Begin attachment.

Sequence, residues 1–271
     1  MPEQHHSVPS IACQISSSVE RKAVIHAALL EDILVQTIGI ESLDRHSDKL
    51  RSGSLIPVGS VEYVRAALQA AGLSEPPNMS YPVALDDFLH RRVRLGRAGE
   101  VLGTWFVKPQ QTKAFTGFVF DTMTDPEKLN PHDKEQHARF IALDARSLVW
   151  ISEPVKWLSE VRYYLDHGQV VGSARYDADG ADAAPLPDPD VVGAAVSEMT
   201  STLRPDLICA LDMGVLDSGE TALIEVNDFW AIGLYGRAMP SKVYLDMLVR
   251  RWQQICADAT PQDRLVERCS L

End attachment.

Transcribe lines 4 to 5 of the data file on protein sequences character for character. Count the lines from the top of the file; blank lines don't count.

   101  VLGTWFVKPQ QTKAFTGFVF DTMTDPEKLN PHDKEQHARF IALDARSLVW
   151  ISEPVKWLSE VRYYLDHGQV VGSARYDADG ADAAPLPDPD VVGAAVSEMT